Hispaniolan Crossbill (Loxia megaplaga)

Hispaniolan Crossbill

[order] PASSERIFORMES | [family] Fringillidae | [latin] Loxia megaplaga | [UK] Hispaniolan Crossbill | [FR] Bec-croise d’Hispaniola | [DE] Hispaniolakreuzschnabel | [ES] Piquituerto de la Espanola | [NL]


Genus Species subspecies Breeding Range Breeding Range 2 Non Breeding Range
Pyrrhula megaplaga
Loxia megaplaga NA Hispaniola

Physical charateristics

Medium-sized finch with distinctive crossed mandibles and two white wing-bars. Male pale red with black wings. Female dull olive with blackish wings, yellowish rump and breast, and fine dark streaking on breast.

wingspan min.: 25 cm wingspan max.: 27 cm
size min.: 15 cm size max.: 16 cm
incubation min.: 12 days incubation max.: 13 days
fledging min.: 0 days fledging max.: 0 days
broods: 1   eggs min.: 2  
      eggs max.: 3  


North America : Hispaniola. Loxia megaplaga occurs primarily in Haiti and the Dominican Republic, where it was not recorded from 1930-1970. Several birds were found in the Blue Mountains of Jamaica in the early 1970s, but there have been no subsequent records. In Haiti, it is known from the Massifs de la Selle and de la Hotte, including the Macaya Biosphere Reserve where small flocks were recorded in 2004. In the Dominican Republic, it occurs mostly in the Sierra de Baoruco, with occasional records from the Cordillera Central.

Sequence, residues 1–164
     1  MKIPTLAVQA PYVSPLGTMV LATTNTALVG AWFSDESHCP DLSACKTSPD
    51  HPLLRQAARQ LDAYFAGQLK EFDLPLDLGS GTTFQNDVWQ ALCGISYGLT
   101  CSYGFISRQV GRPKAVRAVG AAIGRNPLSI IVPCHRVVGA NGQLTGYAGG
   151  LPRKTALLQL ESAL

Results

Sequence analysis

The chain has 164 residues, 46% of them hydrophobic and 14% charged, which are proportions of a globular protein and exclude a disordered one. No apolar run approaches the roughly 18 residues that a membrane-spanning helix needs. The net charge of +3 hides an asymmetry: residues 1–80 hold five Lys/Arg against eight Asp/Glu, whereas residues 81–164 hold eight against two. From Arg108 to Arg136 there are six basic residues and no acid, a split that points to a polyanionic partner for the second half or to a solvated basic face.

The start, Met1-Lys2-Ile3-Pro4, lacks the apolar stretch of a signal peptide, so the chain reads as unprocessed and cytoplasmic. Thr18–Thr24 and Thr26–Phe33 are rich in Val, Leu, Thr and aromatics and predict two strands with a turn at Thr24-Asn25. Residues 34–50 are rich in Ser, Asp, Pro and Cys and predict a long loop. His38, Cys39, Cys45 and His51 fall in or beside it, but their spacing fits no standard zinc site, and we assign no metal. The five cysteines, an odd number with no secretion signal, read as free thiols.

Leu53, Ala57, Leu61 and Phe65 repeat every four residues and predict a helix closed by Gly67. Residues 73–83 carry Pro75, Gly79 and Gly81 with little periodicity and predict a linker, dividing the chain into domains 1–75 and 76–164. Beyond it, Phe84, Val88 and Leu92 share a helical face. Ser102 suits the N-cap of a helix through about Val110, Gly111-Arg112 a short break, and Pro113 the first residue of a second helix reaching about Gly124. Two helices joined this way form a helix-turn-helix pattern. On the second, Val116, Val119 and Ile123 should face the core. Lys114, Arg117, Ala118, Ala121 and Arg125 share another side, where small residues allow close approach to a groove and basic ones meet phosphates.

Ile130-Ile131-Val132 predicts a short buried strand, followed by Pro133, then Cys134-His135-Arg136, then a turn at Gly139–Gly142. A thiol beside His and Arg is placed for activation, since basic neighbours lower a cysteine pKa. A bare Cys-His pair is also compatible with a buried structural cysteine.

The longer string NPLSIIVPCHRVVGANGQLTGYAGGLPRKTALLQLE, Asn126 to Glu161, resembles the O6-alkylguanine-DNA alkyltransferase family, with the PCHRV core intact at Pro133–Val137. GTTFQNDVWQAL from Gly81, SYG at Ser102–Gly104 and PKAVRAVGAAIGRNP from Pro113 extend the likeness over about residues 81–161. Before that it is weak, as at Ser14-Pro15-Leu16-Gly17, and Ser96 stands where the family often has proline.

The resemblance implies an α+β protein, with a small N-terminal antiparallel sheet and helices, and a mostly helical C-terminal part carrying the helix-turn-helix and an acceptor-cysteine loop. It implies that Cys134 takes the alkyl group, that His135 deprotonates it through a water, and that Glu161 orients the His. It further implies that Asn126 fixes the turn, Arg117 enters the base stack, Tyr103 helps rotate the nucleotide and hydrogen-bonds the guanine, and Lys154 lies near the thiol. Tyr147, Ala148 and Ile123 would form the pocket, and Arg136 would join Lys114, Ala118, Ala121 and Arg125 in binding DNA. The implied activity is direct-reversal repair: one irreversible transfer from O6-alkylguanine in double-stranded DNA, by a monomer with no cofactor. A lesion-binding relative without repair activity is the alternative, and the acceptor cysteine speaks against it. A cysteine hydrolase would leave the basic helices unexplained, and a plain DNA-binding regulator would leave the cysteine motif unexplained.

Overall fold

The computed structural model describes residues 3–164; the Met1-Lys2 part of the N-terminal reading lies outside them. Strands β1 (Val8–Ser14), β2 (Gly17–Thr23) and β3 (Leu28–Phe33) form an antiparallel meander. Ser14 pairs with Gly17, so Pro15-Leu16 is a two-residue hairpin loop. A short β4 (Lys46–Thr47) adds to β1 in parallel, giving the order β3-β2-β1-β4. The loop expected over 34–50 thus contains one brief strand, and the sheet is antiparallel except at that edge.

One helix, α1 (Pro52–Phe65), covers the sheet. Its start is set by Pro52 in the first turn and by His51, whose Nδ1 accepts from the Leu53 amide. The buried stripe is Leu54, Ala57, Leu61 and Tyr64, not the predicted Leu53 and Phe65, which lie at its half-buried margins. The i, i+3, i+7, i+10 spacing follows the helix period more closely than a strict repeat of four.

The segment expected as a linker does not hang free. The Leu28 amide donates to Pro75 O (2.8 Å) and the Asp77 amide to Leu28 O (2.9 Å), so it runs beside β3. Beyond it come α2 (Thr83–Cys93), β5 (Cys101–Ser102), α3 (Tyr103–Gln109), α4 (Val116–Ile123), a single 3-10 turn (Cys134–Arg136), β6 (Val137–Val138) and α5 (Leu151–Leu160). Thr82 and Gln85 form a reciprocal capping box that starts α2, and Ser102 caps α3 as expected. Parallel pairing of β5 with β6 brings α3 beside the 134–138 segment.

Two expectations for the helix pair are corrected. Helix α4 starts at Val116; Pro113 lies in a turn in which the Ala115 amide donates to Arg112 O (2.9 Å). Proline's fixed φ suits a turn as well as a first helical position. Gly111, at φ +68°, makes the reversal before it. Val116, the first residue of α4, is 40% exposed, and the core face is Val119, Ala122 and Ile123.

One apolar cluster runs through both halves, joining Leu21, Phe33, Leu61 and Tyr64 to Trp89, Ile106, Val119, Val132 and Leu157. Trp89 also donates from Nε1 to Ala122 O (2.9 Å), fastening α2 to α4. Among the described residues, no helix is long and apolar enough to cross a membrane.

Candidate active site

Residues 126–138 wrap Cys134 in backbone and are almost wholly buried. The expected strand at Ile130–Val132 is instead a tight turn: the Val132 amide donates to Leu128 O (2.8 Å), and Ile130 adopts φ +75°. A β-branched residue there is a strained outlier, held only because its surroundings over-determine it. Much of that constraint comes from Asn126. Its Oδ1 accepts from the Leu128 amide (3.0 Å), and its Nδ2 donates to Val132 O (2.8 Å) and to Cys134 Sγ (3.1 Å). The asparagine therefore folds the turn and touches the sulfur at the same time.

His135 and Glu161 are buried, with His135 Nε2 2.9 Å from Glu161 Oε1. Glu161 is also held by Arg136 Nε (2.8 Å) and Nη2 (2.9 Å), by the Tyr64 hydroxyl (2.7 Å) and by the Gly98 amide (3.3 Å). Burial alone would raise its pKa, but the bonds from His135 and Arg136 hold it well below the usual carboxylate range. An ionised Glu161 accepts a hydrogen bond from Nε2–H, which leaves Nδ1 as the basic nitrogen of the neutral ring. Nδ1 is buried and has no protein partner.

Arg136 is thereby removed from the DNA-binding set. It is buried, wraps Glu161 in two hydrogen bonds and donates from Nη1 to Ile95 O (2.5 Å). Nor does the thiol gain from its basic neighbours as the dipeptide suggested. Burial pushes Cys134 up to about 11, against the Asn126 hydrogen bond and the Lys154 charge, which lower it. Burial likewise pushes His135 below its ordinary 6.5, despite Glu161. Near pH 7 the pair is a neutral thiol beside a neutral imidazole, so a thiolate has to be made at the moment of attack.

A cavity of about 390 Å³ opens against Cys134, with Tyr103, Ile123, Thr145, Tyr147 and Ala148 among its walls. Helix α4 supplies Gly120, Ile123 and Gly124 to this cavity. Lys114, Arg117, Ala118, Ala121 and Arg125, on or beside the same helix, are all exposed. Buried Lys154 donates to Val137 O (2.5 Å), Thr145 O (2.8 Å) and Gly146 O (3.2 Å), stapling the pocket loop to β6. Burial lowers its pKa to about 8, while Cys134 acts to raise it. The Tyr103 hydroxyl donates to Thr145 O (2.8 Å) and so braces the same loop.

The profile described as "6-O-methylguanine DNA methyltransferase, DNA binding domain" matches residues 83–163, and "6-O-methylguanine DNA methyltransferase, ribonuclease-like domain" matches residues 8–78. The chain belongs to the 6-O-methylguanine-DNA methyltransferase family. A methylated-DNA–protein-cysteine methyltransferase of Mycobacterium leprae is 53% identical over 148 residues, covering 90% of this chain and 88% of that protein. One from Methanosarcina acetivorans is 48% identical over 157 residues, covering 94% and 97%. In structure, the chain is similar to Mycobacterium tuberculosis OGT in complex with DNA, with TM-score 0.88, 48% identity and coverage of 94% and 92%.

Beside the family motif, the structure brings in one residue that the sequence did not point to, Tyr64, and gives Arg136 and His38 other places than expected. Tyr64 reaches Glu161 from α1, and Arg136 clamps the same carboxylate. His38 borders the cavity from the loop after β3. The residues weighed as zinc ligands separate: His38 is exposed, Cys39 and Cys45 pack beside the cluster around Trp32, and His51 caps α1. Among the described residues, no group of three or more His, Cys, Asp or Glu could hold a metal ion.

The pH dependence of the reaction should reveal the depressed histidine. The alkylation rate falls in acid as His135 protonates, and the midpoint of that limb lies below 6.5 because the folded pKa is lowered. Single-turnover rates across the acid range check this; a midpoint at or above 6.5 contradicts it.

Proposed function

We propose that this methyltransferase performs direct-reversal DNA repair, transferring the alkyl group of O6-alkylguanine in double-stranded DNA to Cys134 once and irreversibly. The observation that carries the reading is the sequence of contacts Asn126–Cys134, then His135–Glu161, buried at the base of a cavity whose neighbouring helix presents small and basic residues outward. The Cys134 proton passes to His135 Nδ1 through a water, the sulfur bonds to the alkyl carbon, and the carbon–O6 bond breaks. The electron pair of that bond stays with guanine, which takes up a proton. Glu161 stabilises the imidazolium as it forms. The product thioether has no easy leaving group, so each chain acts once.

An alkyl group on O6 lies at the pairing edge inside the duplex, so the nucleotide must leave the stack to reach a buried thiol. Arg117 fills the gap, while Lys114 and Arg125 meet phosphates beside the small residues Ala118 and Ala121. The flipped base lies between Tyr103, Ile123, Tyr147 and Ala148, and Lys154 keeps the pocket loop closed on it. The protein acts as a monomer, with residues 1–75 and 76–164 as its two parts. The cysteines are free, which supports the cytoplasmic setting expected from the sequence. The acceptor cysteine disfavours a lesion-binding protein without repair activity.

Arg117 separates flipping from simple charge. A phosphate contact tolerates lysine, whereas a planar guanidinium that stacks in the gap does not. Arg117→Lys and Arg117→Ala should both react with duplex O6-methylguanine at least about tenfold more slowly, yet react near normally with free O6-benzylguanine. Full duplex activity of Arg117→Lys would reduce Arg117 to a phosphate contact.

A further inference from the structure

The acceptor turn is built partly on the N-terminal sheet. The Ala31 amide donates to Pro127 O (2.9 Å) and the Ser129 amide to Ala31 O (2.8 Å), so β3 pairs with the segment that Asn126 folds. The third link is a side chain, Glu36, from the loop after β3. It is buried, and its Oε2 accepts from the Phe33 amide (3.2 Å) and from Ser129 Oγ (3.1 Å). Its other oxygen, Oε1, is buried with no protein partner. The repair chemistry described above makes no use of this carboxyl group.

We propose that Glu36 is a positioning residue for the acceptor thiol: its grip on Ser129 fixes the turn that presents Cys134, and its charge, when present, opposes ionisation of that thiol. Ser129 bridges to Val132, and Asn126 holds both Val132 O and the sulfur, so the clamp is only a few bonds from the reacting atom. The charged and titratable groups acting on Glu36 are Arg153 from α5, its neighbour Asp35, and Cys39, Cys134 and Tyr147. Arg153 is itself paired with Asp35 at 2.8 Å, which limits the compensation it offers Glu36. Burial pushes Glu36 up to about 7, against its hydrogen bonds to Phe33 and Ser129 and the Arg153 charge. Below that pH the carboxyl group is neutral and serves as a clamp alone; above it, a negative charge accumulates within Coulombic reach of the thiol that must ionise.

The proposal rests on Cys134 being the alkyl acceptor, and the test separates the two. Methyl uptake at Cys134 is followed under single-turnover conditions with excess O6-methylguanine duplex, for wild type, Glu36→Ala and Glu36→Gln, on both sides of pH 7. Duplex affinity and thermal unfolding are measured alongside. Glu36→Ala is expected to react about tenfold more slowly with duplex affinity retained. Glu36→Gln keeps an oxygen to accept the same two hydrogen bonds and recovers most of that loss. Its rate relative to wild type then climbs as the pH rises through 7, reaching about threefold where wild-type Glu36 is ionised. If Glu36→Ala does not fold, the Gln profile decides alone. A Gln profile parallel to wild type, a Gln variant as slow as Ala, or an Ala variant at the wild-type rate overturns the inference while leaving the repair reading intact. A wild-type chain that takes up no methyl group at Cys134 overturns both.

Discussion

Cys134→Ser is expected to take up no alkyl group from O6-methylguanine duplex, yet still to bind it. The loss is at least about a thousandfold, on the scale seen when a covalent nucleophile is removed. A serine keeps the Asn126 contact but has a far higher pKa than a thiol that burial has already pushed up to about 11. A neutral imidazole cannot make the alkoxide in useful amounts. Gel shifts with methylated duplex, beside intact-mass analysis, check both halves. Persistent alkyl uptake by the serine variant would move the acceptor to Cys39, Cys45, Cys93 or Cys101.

It is restricted to pine Pinus occidentalis forests, mostly at high elevations, and feeds exclusively on pine-seeds. There is a large pine-cone crop about every three years, but crops in other years are small or fail altogether. Fluctuations in pine-cone abundance are not synchronous, and birds are nomadic in response to food availability, the species has been recorded as low as 540 m and as high as 2,600.


It breeds between January and April, with the timing probably depending on the cone crop. The nest is usually built high up in the branches of pine trees.

Feeding habits

They feed exclusively on cones of Hispaniolan pine (Pinus occidentalis) and are restricted to remaining pine forests across the island of Hispaniola. Often found in flocks, especially at sites with abundant cones.


This species has a very small, fragmented and declining range. Although its numbers fluctuate naturally, its available habitat is decreasing as a result of logging, small-scale agriculture and uncontrolled fires. It therefore qualifies as Endangered.
Logging has been reduced since the mid-1960s, but clearance for small-scale agriculture continues to fragment remaining habitat. This presumably isolates populations, making them susceptible to local pine-cone failures. Parasitism by Shiny Cowbird Molothrus bonariensis may be a problem, but this seems unlikely since M. bonariensis is primarily a coastal species in the Sierra de Baoruco. The principal threat may now be uncontrolled stand replacement fires, which burn more of the remaining pine habitat than can be replaced through regeneration.
Hispaniolan Crossbill status Endangered



Distribution map

Hispaniolan Crossbill distribution range map

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